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Pammy Show full post »
Angus_wr
It's a great idea, and an idea we explored in depth. There is precedent:  the boat club at London University achieved this, ironically under the leadership of Warwick's previous Chancellor, whom I met in person to discuss this very plan.

I brought a group of stakeholders (club alumni, current calendar participants, Sport Allies trustees, senior figures in the world of rowing) together in London for a meeting to determine if we could achieve the broad support needed to make an independent club viable.  Those of us outside the club and its alumni association were committed to supporting this approach, but the alumni did not move things forward and later stated in another meeting with me that independence from the university was not important for them.  So that was the end of that, sadly.

bejjinks wrote:
Maybe the rowing club could break free of the university. I know that has it's own challenges but maybe.
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RJohns81
Angus_wr wrote:
It is hard to know the reasoning of the university. Their public statements and what they have told students in private appear to be entirely contradictory.  The Vice Chancellor claimed in an email to me in January 2017 that infringement of intellectual property was his only concern, and on this basis demanded our closure under threat of legal action.  This was a groundless charge and frankly nothing more than bullying, as our lawyers quickly showed.  

They have not really come up with a better reason since.  However, the same man specified “this kind of nudity” as the problem in an off the record meeting with leaders of the boat club. Draw your own conclusions...

The university has refused subsequent requests for clarification of their reasoning under our Freedom of Information legislation.  This is now the subject of a legal challenge.

Meanwhile, all attempts to find a way to support their rowing rogramme have failed, so all of us working on the calendar have refocused as a team (rowers and production team) on supporting Sport Allies.  

The university offered all of us, including our lawyers, assurances that other funding streams were in the pipeline to sustain the club, specifically with a charitable trust to be chaired by a former Chancellor of the university. When I met with the Chancellor in question many months later to discuss the situation, he had not heard of this plan.  

So I am unable to clarify how the club can be supported, but I am given to understand that the current club president, following meetings with the university, has prohibited members of the boat club from taking part in the calendar project.  

For me, this is both tragic and exasperating, and it very much marks the end for those of us who have fought the university for nearly three years to ensure continuing support for the club. We feel we have done everything we can, and that we can no longer devote time or resources to pursuing the interests of UWBC.  I have discussed this with senior figures in rowing, including an Olympic alumnus of Warwick University, and all agree that the club no longer deserves our support.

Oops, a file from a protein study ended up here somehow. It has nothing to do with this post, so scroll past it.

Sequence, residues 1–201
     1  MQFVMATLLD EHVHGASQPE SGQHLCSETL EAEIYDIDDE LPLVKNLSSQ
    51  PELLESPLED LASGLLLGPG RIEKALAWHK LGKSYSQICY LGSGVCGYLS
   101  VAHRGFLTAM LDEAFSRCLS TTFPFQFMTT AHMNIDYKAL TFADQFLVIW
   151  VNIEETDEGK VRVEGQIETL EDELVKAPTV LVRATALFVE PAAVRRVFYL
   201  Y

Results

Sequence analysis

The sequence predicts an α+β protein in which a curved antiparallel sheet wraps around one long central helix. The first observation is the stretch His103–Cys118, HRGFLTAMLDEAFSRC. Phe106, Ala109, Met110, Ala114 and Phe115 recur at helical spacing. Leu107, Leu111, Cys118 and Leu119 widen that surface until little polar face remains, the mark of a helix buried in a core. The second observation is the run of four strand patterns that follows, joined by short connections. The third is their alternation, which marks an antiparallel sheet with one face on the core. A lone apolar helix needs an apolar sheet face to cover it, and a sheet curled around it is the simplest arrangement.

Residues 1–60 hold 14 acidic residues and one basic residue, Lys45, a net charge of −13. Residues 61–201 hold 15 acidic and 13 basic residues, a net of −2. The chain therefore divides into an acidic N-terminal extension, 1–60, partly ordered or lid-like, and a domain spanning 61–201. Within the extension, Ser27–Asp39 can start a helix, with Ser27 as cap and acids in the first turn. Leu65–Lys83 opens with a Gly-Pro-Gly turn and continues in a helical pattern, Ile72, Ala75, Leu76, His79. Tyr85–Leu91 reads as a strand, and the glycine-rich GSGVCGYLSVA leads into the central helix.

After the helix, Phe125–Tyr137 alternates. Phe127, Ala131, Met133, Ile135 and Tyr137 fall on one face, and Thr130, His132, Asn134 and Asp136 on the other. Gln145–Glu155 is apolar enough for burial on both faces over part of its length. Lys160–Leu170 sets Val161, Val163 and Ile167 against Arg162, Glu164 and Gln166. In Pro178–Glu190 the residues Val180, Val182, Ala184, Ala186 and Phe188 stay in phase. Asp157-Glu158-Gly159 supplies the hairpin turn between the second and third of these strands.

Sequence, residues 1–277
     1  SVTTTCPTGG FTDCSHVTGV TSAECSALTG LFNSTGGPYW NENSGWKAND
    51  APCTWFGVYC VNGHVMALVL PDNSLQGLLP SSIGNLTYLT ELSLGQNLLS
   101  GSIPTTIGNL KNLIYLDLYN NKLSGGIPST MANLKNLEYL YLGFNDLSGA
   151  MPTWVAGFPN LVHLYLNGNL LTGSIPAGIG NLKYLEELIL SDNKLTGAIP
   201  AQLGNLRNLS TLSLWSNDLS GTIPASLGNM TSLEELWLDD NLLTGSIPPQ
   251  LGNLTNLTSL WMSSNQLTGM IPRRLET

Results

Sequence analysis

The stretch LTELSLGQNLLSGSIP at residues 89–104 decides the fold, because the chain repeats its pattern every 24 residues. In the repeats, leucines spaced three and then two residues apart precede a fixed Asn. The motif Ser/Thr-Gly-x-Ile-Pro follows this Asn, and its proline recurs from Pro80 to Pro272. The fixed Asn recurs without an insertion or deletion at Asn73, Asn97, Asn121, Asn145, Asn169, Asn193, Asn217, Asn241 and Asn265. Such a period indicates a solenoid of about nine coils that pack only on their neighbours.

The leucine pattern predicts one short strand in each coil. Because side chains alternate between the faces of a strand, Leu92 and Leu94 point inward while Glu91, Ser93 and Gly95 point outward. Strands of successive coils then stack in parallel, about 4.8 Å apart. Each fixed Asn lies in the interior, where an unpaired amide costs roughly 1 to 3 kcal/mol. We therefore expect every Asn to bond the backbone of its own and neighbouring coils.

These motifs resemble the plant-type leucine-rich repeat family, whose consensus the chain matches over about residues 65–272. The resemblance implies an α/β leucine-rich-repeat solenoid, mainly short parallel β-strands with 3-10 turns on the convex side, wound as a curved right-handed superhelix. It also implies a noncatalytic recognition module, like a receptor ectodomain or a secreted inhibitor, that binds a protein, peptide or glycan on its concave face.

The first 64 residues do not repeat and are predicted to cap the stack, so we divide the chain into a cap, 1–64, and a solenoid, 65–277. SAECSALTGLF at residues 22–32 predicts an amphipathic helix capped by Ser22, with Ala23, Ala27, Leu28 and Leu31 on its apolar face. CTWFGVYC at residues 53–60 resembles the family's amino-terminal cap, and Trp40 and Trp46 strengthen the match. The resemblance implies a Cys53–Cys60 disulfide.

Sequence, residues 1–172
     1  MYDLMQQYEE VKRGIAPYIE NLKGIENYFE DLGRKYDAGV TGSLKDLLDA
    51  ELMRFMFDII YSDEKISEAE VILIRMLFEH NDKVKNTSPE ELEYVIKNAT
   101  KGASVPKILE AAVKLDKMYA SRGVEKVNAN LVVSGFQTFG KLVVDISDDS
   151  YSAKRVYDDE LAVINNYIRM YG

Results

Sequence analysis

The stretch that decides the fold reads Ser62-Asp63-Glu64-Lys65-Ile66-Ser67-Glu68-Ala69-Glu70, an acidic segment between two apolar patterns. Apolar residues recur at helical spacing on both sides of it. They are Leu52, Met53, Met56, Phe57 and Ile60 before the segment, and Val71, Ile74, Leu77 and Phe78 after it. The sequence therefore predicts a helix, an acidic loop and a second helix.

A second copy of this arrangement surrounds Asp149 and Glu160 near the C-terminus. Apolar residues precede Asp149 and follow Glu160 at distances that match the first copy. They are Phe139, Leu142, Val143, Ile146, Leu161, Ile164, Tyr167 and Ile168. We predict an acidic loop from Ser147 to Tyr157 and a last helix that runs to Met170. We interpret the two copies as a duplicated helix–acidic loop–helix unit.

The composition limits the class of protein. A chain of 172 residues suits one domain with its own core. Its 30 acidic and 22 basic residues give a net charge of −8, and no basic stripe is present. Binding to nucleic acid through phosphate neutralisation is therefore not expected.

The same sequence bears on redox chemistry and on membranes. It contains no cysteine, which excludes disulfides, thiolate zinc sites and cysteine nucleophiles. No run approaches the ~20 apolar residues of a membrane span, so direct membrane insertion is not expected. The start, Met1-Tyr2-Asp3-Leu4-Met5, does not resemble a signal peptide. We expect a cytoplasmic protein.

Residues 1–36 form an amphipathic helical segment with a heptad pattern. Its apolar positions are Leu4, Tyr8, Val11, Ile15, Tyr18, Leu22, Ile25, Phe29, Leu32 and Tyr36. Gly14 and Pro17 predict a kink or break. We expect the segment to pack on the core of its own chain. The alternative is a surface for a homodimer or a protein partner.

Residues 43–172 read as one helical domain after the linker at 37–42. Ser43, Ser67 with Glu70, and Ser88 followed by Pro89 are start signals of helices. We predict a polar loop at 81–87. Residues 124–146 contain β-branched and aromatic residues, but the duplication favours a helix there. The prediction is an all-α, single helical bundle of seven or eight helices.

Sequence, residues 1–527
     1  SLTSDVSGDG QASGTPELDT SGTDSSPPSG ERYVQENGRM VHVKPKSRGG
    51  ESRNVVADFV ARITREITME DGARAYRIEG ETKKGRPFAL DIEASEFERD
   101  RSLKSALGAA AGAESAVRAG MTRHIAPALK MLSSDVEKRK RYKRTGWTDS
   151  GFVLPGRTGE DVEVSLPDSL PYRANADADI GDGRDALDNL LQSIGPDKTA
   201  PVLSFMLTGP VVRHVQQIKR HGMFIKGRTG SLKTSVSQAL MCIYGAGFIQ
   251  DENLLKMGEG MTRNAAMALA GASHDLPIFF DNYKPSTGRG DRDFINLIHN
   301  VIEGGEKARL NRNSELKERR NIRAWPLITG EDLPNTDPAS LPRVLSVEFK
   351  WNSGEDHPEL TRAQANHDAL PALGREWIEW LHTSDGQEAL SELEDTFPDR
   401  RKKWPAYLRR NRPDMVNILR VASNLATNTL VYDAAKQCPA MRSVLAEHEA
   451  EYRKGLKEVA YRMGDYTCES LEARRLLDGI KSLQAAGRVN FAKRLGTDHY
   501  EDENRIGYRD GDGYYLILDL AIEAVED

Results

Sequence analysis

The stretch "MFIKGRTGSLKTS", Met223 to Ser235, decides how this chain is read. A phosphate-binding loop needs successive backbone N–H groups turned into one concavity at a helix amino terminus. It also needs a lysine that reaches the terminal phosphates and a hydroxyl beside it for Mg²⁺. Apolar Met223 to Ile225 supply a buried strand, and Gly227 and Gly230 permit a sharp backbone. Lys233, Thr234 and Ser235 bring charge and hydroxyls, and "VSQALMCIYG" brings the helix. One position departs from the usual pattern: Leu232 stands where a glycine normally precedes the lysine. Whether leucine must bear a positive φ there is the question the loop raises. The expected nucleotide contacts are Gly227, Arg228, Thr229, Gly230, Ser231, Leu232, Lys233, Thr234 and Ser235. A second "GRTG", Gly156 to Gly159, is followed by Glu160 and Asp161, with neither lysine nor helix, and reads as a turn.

The club is definitely in a difficult position.  They accepted the universty’s assurances of alternative funding which encouraged them to abandon the calendar - their key source of funding that had given £150,000 to the club in cash support.  The club is now entirely reliant on the universty’s good will, which is unfortunate; it is widely perceived that Warwick University does not see the value in its rowing Programme that other, similar-ranking universities do.  




Wow.  This is beyond tragic.  At first I thought the university might have some legitimate concerns regarding issues such as trademarks and intellectual property, non-profit status, taxation issues, etc. I know the regulations surrounding all these issues can be very byzantine and overlapping in nature, and student-operated charity and general fund-raising efforts can often run afoul of them.  I think that universities usually turn a blind eye to these types of problems, but the rapidly growing scale and publicity generated in recent years by the Warwick Rowers Project might have made that impossible to do.

However, now after reading Angus' response it seems the real problem is that senior leadership at the university are uncomfortable with the extent of the nudity involved in the project, and probably also with the nature of the charities being supported and their goals.  Sad. For many people of a certain generation, their views on such topics are highly emotional in nature and rational thought does not enter the equation at all, so it's not surprising that such an impasse has been reached.  I hope the WUBC is able to maintain an adequate level of funding to continue operating and competing.  Perhaps in a few years when leadership positions at the university and the boat club change these problems can be resolved in a more satisfactory matter, for everyone involved.  I hate to think that everything the members of the WUBC and their supporters built over the years could wither away now because of these attitudes and misunderstandings.
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